“I can’t believe the amount of people that hate my guts here in the state of California. On Facebook, and in the media, people are just really coming down on us,” Johnston says. “I’m just a guy that went out with some friends to have a good time and just happened to be behind a fishing rod at the time. We would have had an equally good time had this big mako not appeared. None of this was planned out. We didn’t set our sights on going out and catching a world record—but it happened, and I don’t have any issues with the way we’ve handled things.”
Potter, who has fished for mako sharks since age 15, takes particular offense to some of the public assumptions made during the past few days. In fact, he’d like to see more regulations on mako shark fishing.
“The California limit for makos is two per person, per day with no size restrictions—which I think is high. I release nearly everything clients catch. I try to make sure everything I do is as low-impact on the species as possible. I hook probably only one for every 20 sharks I see, and probably only keep 10 percent of those. Last year we were out almost daily and we only kept 15 to 18 fish,” Potter says.
“I really wish they had lower limit or a tag system—it would be perfect. If they need a closed or restricted season to protect certain sizes of fish, I’m all for it. There’s nobody that needs two mako sharks per day. That’s ridiculous. In fact, this is the first shark charter where I didn’t release a fish so far this year. We’re already six months into 2013, and I’ve only kept one fish. It just happened to be the biggest ever.”
Jason Johnston with his 1,323.5-pound potential world record mako shark.
UPDATE as of 6/13/13: Gossip about how the fish was caught and eventually subdued is adding to the controversy. One rumor circulating is that multiple people on the vessel aided Johnston by handling the rod, reel or line during the fight. The IGFA has a long list of rules detailing what anglers can and can’t do. Allowing any other anglers to touch gear while the fight is in progress is a big disqualifier.
“One of the things that people keep assuming is someone else touched Jason’s rod or line while he was fighting the shark, probably because two-and-a-half hours is a long time to fight something that big,” Potter says. “But he did it all on his own. Nobody touched any of his gear, and he was really mindful about things like not resting the rod on the boat. The good news is if we’re ever challenged, we filmed the whole thing, and can back up everything with video evidence.”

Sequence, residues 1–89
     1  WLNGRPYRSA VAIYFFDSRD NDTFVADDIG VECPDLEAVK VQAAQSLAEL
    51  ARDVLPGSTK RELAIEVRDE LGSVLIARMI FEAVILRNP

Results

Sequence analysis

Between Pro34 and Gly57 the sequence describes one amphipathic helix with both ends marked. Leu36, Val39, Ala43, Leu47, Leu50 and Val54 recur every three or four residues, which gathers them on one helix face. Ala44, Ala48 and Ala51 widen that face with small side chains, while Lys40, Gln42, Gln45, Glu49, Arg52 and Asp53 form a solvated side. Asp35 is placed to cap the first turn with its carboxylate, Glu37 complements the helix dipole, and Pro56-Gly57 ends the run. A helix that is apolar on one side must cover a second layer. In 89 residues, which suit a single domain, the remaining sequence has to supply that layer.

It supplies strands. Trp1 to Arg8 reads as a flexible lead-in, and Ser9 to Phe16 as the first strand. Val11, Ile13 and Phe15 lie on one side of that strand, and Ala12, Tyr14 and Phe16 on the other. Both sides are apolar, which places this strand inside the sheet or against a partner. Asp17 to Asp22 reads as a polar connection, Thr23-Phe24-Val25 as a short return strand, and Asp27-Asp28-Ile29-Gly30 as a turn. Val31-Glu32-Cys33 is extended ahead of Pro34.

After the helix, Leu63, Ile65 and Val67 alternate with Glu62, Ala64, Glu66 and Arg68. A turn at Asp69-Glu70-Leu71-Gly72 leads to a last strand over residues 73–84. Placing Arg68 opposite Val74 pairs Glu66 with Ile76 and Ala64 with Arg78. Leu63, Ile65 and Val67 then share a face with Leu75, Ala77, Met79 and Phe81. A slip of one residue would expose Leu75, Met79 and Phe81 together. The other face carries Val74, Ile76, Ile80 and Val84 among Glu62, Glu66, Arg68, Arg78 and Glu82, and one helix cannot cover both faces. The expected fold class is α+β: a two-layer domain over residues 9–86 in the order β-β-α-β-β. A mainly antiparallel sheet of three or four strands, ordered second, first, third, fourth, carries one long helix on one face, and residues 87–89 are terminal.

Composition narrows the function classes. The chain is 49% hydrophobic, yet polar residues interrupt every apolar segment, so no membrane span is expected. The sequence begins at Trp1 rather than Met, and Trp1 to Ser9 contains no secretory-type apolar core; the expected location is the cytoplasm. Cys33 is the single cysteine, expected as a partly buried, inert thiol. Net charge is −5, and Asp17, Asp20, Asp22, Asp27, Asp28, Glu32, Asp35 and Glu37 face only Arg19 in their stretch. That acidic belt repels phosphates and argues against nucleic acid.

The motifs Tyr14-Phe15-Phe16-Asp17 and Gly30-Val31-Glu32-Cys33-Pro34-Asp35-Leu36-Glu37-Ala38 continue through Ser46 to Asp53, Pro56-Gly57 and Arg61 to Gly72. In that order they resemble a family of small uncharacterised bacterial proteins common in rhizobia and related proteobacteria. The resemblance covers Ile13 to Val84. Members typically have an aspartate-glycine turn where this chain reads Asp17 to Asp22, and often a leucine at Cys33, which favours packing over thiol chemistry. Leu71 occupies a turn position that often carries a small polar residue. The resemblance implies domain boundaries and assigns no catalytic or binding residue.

In addition, Potter states all his rods, reels, gaffs, etc. are IGFA compliant, and the only issue he’s worried about regarding the submission of the catch to IGFA is that a sample of the line they used will test differently than what the packaging advertised.
The second source of debate on the web has focused on the wound between the shark’s head and dorsal fin clearly visible in photographs. Many have assumed the large gash came from a bangstick, or even bowfishing gear—both disqualifiers under IGFA rules. However, Potter says the assumptions are simply untrue, and the gash is from a knife.
The crew used a flying gaff to control the shark while they tied it to the boat (alive). When the tow-load made it tough for Potter to steer, he decided to try to put the fish in the boat.
Maneuvering alongside the fish, Matt noticed it was still alive, so he took a knife and tried to cut the spinal cord to paralyze it—something he says he's done many times on smaller fish. He said the knife was new and sharp and the rocking ocean made it tough to keep a steady hand. The wound opened to several inches wide, but was not the result of a bangstick. Whether or not the IGFA will disqualify the catch because of this action remains to be seen.
Lastly, guesses as to why the mako was so large have varied, but earlier this week, scientists were able to put many to rest. Chris Lowe, a professor of biological sciences at Cal State Long Beach performed a necropsy and declared the shark was not pregnant—a popular theory for the fish’s bulging girth. It had pupped recently, he just couldn’t tell how long ago. Moreover, the stomach did contain a large amount of sea water and a sea mammal—possibly a seal or sea lion, which certainly contributed to its overall weight. UPDATE END
To both Johnston and Potter’s credit, no part of the mako will go unused. Potter said his phone has been ringing off the hook with requests from different labs and universities looking for study samples. After a plaster cast is made of the fish, they’ll release the meat and organs, even the skins, to various outlets. Until then, Williams will continue to keep it frozen at the New Fishall Bait Co.
“Typically we donate leftover shark meat to the hungry, and that was our intention here, but once word got out, we got all these emails and phone calls and realized it’s extremely valuable for science, probably because it’s the biggest example of its species,” Potter says. “It’s important for us to work with the people studying makos so we can find other ways to protect them.”
For Johnston, the experience has left him extremely proud of his accomplishment, albeit somewhat conflicted over whether or not he wants to now go through the stress of the IGFA record application process if it means being lambasted by the masses all over again.
“There are no ifs, ands, or buts; it’s the largest mako ever caught. But, to get the IGFA to certify it as a record—that takes a little more bull than I’m probably up for,” Johnston says. “From what little research we’ve done, we think this is one of a small number of fish ever caught with rod-and-reel that weighed over 1,300 pounds. We’re 100 percent certain it’s the largest mako ever caught, and that might be enough for me.”
Photos courtesy of Kent Williams.